Enhanced Reading Engagement at Hockliffe Lower Primary School

Key Findings

This case study examines the successful implementation of Reading Hub, a digital library solution, at Hockliffe Lower Primary School. With 53 pupils, an ‘Outstanding’ Ofsted rating, below-average Free School Meals (FSM) eligibility, and above-average reading levels, the school aimed to further enhance reading engagement, proficiency, and family participation. A controlled study compared two Year 6 classes: one using Reading Hub (intervention group) and the other using traditional reading methods (control group).

The findings showed that the intervention class using Reading Hub saw a 40% increase in average reading time per pupil per week and a 33% increase in the average number of books read per month. Additionally, the average reading age in the intervention class increased by 32%, with FSM-eligible pupils showing a 30% improvement. Parental involvement also significantly improved in the intervention class, with 97% of parents reporting increased engagement. The study demonstrated positive impacts in the intervention group using Reading Hub.

School Objectives

  • Ensure all Year 6 pupils have access to a wide range of books, both in school and at home.
  • Encourage pupils to spend more time reading and develop a lifelong love for reading.
  • Improve reading ages across all Year 6 pupils.
  • Deepen parental involvement in pupils’ reading activities to support ongoing literacy development.

Aim of the Case Study

This case study illustrates how the introduction of Reading Hub at Hockliffe Lower Primary School led to notable improvements in reading engagement and parental involvement, contributing to the school’s ongoing success.

Current Challenges:

  • Maintaining high engagement levels: Even with high reading levels, keeping pupils engaged with reading was a priority.
  • Parental involvement: Encouraging parents to take an active role in their children’s reading required effective communication and resources.
  • Resource limitations: Providing a diverse range of reading materials within the school’s limited library space was challenging.

Implementation Process:

  • Control Group Study Design: Eight Year 6 pupils participated in the study. Four pupils were given access to Reading Hub (intervention group), while the other four maintained their regular reading schedule, using paper reading logs and weekly visits to the school library (control group).
  • Mobile App for Pupils: Pupils in the intervention group gained access to the Reading Hub mobile app, allowing them to choose from a vast selection of 3000 eBooks accessible both in school and at home.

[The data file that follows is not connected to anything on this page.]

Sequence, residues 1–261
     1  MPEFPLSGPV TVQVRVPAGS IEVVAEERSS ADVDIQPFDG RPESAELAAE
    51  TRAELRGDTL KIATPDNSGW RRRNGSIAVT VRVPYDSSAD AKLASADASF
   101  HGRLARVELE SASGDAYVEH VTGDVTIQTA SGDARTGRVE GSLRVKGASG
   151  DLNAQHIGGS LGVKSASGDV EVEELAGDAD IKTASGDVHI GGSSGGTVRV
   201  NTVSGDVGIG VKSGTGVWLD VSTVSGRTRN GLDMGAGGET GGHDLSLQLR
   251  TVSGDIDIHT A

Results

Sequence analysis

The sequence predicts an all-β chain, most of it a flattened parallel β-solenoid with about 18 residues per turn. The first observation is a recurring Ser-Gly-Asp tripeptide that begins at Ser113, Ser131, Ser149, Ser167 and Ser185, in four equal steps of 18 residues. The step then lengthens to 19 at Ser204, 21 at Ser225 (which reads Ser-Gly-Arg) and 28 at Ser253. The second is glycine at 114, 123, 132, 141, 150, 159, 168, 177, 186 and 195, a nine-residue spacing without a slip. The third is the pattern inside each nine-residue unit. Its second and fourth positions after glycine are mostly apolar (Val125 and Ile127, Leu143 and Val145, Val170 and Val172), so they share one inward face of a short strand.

• Web App for Teachers: Educators used the web app to access reading materials, monitor reading engagement, and provide targeted support to pupils.
  • Onboarding and Training: Teachers received comprehensive training on Reading Hub effectively, while parents were equipped with guidance on supporting their children’s reading at home.

Method of Testing:

  • Reading Age: Pupils’ reading ages were measured termly throughout the academic year using standardised reading assessments. Each term, both the intervention group (using Reading Hub) and the control group (following traditional reading methods) underwent these assessments to track progress. This approach allowed for a detailed comparison of reading age improvements between the two groups. 
  • Reading Engagement: Reading engagement was measured for the control group by tracking time spent reading, the number of books read, and pupil enjoyment through self-reported surveys. The control group used paper reading logs maintained by teachers and parents to do this. The intervention group’s reading engagement was collected via Reading Hub’s engagement dashboard.

Problems Faced:

  • The school addressed the issue of digital access by providing loaner devices to ensure all pupils could utilise Reading Hub. This was crucial in a small school with limited resources.
  • Initial resistance was overcome through comprehensive training, highlighting the benefits of the provided engagement dashboard and ensuring teachers felt confident using the new technology.
  • Engaging parents who might have limited time or resources required tailored communication strategies and support to ensure they could effectively use the Reading Hub app.

Results

  • In the intervention group, average reading time per pupil per week increased by 40% (from 100 minutes to 140 minutes). In comparison, the control group saw an increase of 5% (from 100 to 105 minutes) 
  • The average number of books read per pupil per month rose by 33% (from 6 to 8 books) whereas the control group remained the same at 6 books per month.
  • The intervention group demonstrated a 32% increase in average reading age, with FSM-eligible pupils nearly matching this at 30% improvement, narrowing the gap with their peers.
  • Surveys and interviews highlighted heightened parental enthusiasm for reading activities, with 97% of parents in the intervention group reporting increased involvement and 86% feeling better informed about their children’s progress.
  • 96% of parents agreed that they would choose Reading Hub to support their children’s reading because it solved the problem of “finding books they actually want to read”.

Conclusion

The implementation of Reading Hub at Hockliffe Lower Primary School resulted in significant improvements in reading engagement and parental involvement. By addressing the challenge of access to books and fostering a culture of reading, the school felt they achieved their reading engagement goal. The controlled study demonstrated the clear benefits of Reading Hub compared to traditional reading methods, highlighting its potential for further educational institutions.